• Hourly and minute means of the geomagnetic field vector components from observatories around the world from, respectively, 1883 and 1969, to the present day. At present there are about 160 observatories. These data are useful for tracking changes in the magnetic field generated inside and outside the Earth. Data are produced by a number of organisations around the world, including BGS. Data are available in plain text from www.wdc.bgs.ac.uk.

  • High frequency (100 Hz) data from two horizontal induction coils measuring the Earth's magnetic field at the Eskdalemuir Observatory in the United Kingdom. The data covers the period from January 2015 to December 2015. Also included are examples of Matlab code and the frequency calibration files to convert to the raw data to SI units. Thumbnail spectrograms and metadata about the setup and equipment is also supplied.

  • High frequency (100 Hz) data from two horizontal induction coils measuring the Earth's magnetic field at the Eskdalemuir Observatory in the United Kingdom. The data covers the period from January 2016 to December 2016. Also included are examples of Matlab code and the frequency calibration files to convert to the raw data to SI units. Thumbnail spectrograms and metadata are also supplied.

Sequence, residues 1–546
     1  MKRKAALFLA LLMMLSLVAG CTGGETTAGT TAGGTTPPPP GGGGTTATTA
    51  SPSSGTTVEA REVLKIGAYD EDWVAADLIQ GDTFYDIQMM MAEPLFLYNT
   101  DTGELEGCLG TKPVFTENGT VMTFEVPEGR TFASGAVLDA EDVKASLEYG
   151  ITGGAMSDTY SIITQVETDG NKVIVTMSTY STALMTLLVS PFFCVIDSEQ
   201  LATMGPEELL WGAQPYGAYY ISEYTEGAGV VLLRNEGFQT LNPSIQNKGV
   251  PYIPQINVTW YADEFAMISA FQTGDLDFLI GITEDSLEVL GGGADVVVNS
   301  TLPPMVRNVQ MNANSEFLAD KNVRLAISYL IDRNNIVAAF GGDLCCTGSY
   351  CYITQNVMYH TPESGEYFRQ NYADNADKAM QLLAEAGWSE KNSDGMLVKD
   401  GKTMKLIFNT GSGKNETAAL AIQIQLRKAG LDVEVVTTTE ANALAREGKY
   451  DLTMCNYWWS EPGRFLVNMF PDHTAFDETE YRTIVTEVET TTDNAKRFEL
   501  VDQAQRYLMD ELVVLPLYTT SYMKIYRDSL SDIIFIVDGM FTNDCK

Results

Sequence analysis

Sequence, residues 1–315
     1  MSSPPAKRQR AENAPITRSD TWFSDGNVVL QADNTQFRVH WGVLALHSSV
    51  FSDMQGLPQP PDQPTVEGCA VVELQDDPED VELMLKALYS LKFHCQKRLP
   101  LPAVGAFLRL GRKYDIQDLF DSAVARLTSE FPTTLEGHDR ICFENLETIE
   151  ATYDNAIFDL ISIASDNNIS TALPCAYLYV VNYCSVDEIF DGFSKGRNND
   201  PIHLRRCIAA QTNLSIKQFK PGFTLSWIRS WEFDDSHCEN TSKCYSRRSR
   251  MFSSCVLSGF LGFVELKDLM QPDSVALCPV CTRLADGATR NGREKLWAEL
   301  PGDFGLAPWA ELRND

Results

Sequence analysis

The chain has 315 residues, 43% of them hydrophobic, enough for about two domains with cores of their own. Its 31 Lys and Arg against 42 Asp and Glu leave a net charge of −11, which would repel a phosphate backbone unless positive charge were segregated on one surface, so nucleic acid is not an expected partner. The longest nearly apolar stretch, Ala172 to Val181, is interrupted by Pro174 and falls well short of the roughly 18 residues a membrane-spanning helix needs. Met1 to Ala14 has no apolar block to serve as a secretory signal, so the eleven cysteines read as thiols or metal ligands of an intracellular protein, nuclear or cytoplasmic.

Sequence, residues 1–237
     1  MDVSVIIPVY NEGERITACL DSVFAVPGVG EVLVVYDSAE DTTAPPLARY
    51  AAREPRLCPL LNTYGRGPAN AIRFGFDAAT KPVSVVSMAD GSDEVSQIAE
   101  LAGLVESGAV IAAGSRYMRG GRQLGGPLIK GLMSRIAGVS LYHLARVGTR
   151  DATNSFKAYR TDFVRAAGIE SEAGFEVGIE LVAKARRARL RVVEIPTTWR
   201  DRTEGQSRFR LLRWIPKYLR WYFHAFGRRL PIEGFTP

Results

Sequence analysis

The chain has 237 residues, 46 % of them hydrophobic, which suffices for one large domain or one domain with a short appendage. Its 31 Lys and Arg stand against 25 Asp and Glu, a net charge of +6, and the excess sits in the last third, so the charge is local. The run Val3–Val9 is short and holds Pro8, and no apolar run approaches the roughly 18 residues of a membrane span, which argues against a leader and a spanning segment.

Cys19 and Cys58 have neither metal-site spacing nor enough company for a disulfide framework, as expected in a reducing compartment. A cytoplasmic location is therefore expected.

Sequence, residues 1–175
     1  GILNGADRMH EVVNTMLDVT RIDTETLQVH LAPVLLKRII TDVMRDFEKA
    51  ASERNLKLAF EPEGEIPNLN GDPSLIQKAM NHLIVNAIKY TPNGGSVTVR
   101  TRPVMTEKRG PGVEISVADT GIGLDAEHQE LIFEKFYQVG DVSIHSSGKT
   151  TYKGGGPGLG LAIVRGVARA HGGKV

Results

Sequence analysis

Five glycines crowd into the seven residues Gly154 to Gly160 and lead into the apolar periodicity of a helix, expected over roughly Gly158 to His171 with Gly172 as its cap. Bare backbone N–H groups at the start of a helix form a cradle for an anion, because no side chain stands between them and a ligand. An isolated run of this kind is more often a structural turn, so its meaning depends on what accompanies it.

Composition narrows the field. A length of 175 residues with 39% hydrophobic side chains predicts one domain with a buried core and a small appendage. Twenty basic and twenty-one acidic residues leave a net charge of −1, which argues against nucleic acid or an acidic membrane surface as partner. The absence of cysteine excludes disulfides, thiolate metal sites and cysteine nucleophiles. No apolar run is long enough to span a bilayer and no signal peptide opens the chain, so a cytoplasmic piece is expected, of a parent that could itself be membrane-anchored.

• Annual means of the geomagnetic field vector components from observatories around the world, from 1840 to the present day. At present there are about 160 observatories. These data are useful for tracking changes in the magnetic field generated inside the Earth. Data are produced by a number of organisations around the world, including BGS. Data are available in plain text from www.geomag.bgs.ac.uk. This data is connected to other geomagnetic data sets, but can be used without reference to them.

  • High frequency (100 Hz) data from two horizontal induction coils measuring the Earth's magnetic field at the Eskdalemuir Observatory in the United Kingdom. The data covers the period from January 2013 to December 2013. Also included are examples of Matlab code and the frequency calibration files to convert to the raw data to SI units. Thumbnail spectrograms and metadata about the setup and equipment is also supplied.

  • Magnetic time-series from the BGS SWIGS differential magnetometer method (DMM) systems. Funded by NERC, grant number: NE/P017231/1 "Space Weather Impact on Ground-based Systems (SWIGS)". These data consist of measurements of the Earth’s natural magnetic field at the Whiteadder Moor remote site (WHIR) and the natural magnetic field plus the field created by GIC at the Whiteadder Moor underline site (WHIU). The database will include .xyz files with the DMM data and one document with metadata. See Hübert et al. (2020) for further details.